Feel free to check my submissions and my comments on related topics and you will find you are not alone in this.
Virtual hugs my friend, we are together in this.Reply
Sheesh, most jobs just want a warm body that can type so many lines of compiler-ok code per day.
"Show up on time" is not just for Hollywood.Reply
Been this way since there was a tech industry. I felt the same way 23 years ago with no degree. Just keep learning and be more motivated than the competition.Reply
I'm not terrified of interviewing. I just think it's an even bigger pain in the ass than dating. The older I get the less patience I have for people who need me to sell myself to them as if I were a commodity and not a human being.
I don't think you need to be a feminist to say "WE ARE NOT THINGS".
I am not a resource.
I am not "human capital".
I'm a man who happens to need to work for a living. Deal with me as such or not at all.Reply
Can you dig further into the specifics of your worry? I find that most interviews focus on my knowledge or experience, I’ve never really had the degree come up. You are somewhat alluding to two problems though, interviewing with 10 years of experience and the path you took to get there. Starting out may be harder(although it’s an employees market out there right now so it may be a great time to start)
But it’s funny you say 10 years ago. I started 20 years ago and don’t feel like 10 years ago is that much different from today(though would say it seemed easier to start out 20 years ago)Reply
I'm pretty sure 85% of the people I interviewed with didn't read my resume and my education never came up.Reply
as someone who is responsible for hiring in this space: i miss the autodidacts.
I see too much buzzword-hype-cycle candidates, and not enough people who have really built something, including real world stuff like badly performing apis, broken edge cases, etc.Reply
I’m not in the US but from France.
I know two things for sure : - Hiring is stupidly hard. There is basically nobody applying. - For any non junior position, we dont even care about the degree. Personally, I don’t even read this part of the CV. Experience matters way more.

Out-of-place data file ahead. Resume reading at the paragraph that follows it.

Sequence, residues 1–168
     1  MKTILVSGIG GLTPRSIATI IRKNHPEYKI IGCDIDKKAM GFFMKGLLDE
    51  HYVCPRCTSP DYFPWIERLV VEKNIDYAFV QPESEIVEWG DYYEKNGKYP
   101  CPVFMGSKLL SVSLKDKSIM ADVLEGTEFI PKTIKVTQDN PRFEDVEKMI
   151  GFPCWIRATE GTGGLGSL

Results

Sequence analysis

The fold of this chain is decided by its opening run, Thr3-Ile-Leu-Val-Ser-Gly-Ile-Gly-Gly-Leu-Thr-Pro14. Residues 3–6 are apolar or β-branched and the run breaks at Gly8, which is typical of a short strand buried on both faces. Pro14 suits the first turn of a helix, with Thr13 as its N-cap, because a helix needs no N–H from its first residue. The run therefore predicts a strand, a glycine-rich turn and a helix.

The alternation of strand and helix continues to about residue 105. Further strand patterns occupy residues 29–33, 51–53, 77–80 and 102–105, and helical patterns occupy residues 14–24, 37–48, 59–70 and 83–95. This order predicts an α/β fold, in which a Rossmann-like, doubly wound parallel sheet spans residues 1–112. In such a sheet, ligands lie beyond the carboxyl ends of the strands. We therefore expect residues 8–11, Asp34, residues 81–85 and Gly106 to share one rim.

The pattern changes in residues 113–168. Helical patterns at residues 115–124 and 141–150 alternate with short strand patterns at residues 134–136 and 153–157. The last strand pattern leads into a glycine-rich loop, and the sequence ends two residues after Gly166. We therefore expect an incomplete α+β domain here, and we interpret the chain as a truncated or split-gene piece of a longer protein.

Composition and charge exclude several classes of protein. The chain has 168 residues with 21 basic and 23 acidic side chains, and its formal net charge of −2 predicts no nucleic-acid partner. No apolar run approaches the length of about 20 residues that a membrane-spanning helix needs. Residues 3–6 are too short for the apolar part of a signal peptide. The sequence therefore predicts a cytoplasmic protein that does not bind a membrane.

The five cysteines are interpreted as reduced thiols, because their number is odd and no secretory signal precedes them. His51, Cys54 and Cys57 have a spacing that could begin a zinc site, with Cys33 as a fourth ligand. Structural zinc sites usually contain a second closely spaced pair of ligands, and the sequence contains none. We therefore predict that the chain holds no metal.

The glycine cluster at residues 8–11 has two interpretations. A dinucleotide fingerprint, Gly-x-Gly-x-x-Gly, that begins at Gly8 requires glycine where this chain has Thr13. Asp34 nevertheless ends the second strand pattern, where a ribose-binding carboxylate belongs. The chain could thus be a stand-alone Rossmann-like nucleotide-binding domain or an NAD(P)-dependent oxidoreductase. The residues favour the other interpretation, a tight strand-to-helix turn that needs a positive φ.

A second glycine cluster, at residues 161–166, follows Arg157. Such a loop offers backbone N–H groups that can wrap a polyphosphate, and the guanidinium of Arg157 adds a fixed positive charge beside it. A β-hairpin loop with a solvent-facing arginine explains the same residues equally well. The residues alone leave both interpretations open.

For me, as long as you are doing decent work, nobody will avan care about what degree you have. Furthermore, I’d say that companies filtering you on this is a good thing : you really don’t want to work for a company that recruit people based on a piece of paper they got decades ago.Reply
I don't know if I can relate.
Was the industry really "almost entirely" autodidacts 10 years ago? Were CS graduates "nerds" in a way that autodidacts weren't?
It's still very possible to get into tech without a traditional CS education, and it's not clear why it seems hopeless to you to compete against someone with a degree -- ACAICT most interviewers don't even look at candidates' resumes.Reply
Change your mindset. With 10 years of experience, in my last two job searches I felt incredibly well positioned to interview for senior roles, and ended up with dream jobs in both cases. I have no degree. I've noticed a trend in the last 3 years where companies require a degree OR equivalent experience. Which is awesome. If you're a great engineer and you're friendly, be confident in yourself!
I did struggle initially with the "coding challenge" nonsense used as a candidate filter these days, then realized I'd never paid attention to data structures and algorithms (which is covered heavily in computer science degree), so I spent time learning this and I was fine. I still wish these would go away.
TLDR: Don't worry about competition. Worry about yourself.Reply
Not at all -- I have no degree with ~8 YOE. Recruiters and hiring managers don't even inquire about my education anymore.
I assume your worries come from the leetcode trend in interviews.
Personally, I let recruiters that are knocking down my door via LinkedIn or email my expectations up front. Salary & no leetcode (algorithmic problems), I have found a lot of success. There are many companies willing to give sane interviews with real world SWE problems.
Experience is highly valued in this field. Someone with 10 YOE isn't really competing with someone with 5 YOE. If you talk to anyone involved in hiring nowadays it's extremely difficult to find experienced devs. Experience will always trump education.Reply
No. I learned algorithm complexity in secondary school and started early enough that coding my own hash table was a normal exercise because the standard library didn't come with one (Turbo Pascal).
I also discovered competitive coding via the International Olympiad in Informatics (also a school thing, pre-college), and the kinds of problems in those turn out to be almost identical in form to today's style of coding interview. I only had to learn recursion and I could start hacking away at problems.
Fancy techniques like "dynamic programming" are normally amenable to memoized (i.e. cached) recursion implementations, but in practice most interview problems aren't even that hard.
Now, I went to college, but it was a mixed degree with business and it didn't teach things like hash table implementation, let alone pointers. Algo analysis material was weak. I was the best student only because I knew it already. The degree is mostly useful for visa qualification. I also got very good at pool.Reply